In a recent interview with British newspaper The Guardian, Marcos confessed to occasionally letting the fame go to his head. But those who know him say his intelligence and sense of humor keep his ego in check.

Some say his mask is a strategy for anonymity though it has achieved something of the opposite. “Todos Somos Marcos” – the Zapatista slogan – signals the sense of solidarity generated within the movement; behind their masks the Zapatistas are no one and everyone.

But the powerful image may exaggerate Marcos’ relevance, which is a matter of opinion and debate. His importance is rumored to be waning.




Our Word Is Our Weapon

by Subcomandante Marcos, Juana Ponce de Leon

Our Word Is Our Weapon is the first authoritative compendium of the writings of Subcomandante Insurgente Marcos, the masked voice of the indigenous human rights fighters in the South-East Mexican state of Chiapas who has become an icon of the worldwide anti-globalisation movement. The evolution of the work of the Zapatistas and Marcos from its first revolt against the government in 1994, as detailed in this remarkable collection is, as its editor, Juana Ponce de León writes, “a testimony to the power of the word”. These writings have secretly been passed from hand to hand, out from the mountainous Lacandon jungle, across miles, until via the Internet, they have been disseminated to the global village. In depicting the conflict in Chiapas fuelled by the indigenous struggle for human rights, which is portrayed in words and paradoxically through the masked anonymity of its spokesperson as the fight against invisibility, Marcos creates a mirror in which we can recognise “the features of our own concerns” with “neoliberalism”. The three parts of Our Word is Our Weapon respectively cover Marcos’ commentary upon the social, economic, and political situation in Mexico and its implications in “Unveiling Mexico”; “Beneath the Mask” contains the “Sup’s” philosophical reflections on the world as he fashions himself in his isolated jungle hideouts as a servant of the revolution, partly through references and letters to other writers and thinkers such as Fernando Pessoa , Jorge Luis Borges, and John Berger; and, in the final part, “Creating Memory”, Marcos’ playful inventiveness comes to the fore in the folk tales he fashions from the forces that shape the Zapatistas’ revolutionary project. As well as showcasing Marcos’ extraordinary literary and political gifts, Our Word Is Our Weapon opens out another forum for a deeply personal and distinct voice that manages at the same time to be a collective one, in the face of which the Mexican government seems powerless. Our Word Is Our Weapon is an inspirational case in point for those who enjoyed Naomi Klein’s No Logo, and belongs in your cultural revolutionary backpack somewhere between Che Guevara’s manual of Guerilla Warfare and the poetry of Pablo Neruda. —Fiona Buckland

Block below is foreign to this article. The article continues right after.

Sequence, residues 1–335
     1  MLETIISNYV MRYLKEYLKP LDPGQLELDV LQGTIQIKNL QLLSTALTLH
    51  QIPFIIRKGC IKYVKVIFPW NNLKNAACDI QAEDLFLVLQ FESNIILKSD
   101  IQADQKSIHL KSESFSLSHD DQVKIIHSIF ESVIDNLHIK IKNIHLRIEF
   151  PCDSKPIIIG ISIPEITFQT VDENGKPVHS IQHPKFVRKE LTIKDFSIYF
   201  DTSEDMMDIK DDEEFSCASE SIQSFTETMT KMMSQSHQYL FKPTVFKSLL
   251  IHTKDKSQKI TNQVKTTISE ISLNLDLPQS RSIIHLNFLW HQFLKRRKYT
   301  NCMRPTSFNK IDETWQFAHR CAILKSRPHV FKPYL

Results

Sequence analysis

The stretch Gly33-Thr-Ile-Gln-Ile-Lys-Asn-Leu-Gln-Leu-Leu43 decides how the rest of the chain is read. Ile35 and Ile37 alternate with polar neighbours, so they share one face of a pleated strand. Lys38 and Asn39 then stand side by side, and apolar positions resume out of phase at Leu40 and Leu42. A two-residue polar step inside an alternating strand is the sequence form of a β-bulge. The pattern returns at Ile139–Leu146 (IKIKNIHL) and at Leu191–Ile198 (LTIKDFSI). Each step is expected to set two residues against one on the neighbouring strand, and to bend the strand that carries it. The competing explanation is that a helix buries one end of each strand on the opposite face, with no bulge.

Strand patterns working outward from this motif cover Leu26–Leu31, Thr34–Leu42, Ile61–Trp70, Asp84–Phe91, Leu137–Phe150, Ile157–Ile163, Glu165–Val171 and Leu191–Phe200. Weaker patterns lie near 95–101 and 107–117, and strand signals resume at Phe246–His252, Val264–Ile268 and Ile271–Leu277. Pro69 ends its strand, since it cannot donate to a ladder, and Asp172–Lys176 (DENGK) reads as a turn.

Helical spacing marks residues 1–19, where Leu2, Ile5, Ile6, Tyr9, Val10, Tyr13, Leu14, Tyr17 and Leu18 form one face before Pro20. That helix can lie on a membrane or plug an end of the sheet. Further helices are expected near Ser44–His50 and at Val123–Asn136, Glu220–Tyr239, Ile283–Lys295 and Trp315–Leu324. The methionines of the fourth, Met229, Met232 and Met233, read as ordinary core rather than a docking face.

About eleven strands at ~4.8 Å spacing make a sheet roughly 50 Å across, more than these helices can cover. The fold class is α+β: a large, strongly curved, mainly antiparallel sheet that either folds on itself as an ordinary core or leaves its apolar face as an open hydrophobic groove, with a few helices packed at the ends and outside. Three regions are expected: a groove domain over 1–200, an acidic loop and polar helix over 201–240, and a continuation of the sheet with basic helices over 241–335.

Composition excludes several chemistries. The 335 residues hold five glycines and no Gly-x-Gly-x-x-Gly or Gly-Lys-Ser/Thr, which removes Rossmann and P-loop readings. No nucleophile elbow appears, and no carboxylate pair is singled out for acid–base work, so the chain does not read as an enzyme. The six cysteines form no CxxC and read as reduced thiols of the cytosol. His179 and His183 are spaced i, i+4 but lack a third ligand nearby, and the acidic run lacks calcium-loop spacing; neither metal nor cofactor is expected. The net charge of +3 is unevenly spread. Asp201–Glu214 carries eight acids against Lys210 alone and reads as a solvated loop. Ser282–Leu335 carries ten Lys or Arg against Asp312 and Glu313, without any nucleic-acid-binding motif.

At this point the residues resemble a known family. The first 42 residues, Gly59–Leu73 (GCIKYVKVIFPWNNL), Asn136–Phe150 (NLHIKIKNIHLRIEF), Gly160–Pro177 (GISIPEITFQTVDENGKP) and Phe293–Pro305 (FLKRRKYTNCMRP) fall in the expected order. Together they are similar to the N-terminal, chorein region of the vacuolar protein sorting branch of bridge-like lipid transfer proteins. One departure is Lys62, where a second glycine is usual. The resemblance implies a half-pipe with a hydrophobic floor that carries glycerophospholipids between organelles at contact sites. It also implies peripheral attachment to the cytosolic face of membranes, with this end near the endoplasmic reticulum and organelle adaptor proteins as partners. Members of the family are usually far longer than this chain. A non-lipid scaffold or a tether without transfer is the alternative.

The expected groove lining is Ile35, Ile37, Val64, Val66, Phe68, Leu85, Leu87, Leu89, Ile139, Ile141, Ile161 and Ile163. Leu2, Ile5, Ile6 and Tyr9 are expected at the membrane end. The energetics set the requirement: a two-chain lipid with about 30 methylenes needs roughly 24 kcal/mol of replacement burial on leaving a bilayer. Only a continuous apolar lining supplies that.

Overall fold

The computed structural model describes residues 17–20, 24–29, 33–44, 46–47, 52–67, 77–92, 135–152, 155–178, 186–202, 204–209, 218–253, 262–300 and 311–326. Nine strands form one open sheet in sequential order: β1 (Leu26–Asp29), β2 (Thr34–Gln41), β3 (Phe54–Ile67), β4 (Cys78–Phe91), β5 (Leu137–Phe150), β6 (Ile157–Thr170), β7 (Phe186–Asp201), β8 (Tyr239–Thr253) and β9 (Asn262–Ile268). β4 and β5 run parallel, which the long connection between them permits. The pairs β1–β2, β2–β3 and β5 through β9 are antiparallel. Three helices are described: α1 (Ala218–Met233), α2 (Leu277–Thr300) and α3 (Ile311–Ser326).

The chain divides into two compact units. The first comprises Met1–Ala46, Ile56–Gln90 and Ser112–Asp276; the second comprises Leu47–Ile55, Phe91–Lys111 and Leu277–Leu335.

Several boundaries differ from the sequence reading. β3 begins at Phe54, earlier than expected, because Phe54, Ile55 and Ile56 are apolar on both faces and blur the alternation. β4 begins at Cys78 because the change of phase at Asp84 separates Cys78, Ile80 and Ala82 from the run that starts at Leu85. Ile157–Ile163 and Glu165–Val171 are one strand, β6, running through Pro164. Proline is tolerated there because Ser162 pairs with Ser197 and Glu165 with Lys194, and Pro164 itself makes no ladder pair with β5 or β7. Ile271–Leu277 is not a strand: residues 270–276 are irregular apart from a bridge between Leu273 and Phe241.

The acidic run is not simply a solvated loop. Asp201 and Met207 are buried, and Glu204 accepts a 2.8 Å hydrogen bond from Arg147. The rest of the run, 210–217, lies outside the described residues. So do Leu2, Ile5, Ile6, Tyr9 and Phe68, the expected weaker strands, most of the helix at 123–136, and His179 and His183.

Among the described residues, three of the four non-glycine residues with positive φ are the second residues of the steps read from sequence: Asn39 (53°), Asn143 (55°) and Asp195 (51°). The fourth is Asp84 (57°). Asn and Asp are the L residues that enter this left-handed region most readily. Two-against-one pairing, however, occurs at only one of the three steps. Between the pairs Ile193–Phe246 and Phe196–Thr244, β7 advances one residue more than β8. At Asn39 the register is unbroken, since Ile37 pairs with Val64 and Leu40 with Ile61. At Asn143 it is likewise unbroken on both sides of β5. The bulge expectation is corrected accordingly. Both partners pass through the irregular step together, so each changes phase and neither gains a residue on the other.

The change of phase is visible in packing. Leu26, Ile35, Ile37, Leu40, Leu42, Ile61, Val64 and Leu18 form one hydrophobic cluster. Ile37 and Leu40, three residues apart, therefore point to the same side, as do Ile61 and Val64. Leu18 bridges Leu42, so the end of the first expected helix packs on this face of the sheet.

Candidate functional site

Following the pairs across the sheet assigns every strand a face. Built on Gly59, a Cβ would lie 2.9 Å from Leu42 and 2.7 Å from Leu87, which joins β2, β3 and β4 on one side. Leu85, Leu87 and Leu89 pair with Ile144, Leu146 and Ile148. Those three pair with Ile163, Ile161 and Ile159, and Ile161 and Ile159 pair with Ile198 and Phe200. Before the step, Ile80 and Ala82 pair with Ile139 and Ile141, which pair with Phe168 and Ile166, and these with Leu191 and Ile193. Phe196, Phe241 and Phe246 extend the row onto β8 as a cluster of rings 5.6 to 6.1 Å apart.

Leftist Noir

Published: November 19, 2006

This peculiar stunt of a detective novel is a collaboration between the Spanish-born Mexican writer Paco Ignacio Taibo II and, of all people, the Zapatista leader Subcomandante Marcos, that pseudonymous rebel luminary whose rakish pipe juts in photographs from what must be Earth’s most fashionable balaclava.

Eduardo Verdugo/Associated Press


(What’s Missing Is Missing).

By Paco Ignacio Taibo II and Subcomandante Marcos. Translated by Carlos Lopez.

268 pp. Akashic Books. Paper, $15.95.

Readers’ Opinions

Forum: Book News and Reviews

Taibo is, among other things, the proprietor of a long-running detective fiction series starring a soulful, one-eyed Mexico City investigator named Héctor Belascoarán Shayne. “The Uncomfortable Dead” is a Belascoarán novel that Taibo and Marcos wrote in alternating chapters, whipsawing the manuscript between, presumably, Mexico City, where Taibo lives, and Marcos’s rather more nebulous Chiapas mountain address.

The book tells two converging stories. In the first, written by Marcos, a Zapatista bumpkin named Elías Contreras travels to Mexico City; he is following up leads about what will turn out to be a plot to privatize and sell off a valuable piece of southern Mexican territory that was seized from its indigenous inhabitants. In the second, written by Taibo, eerie phone messages are left for one of Belascoarán’s clients. They purport to be from a leftist activist who was murdered, supposedly by a government agent, in 1971. Contreras and Belascoarán, a man who likes his cigarettes and Coca-Cola, buddy up in the process of confounding the seizure of land and identifying the killer.

This kind of material — evoking the legacy of the Mexican government’s “dirty war” against its leftist opponents — might have generated interesting genre fiction. But “The Uncomfortable Dead” reads like a gimmick. The problem is mostly with Marcos, whose chapters ramble on at almost twice the length of Taibo’s. The subcomandante, who isn’t a first-time author — his other books include some political volumes and a children’s book called “The Story of Colors” — is simply not a talented fiction writer; it’s sometimes hard even to know what his sentences mean. Marcos does manage to write some lyrical and intelligent passages. But his prose, in this translation by Carlos Lopez, can be hyperactive; he’s like a sophomore impressed by his own facility.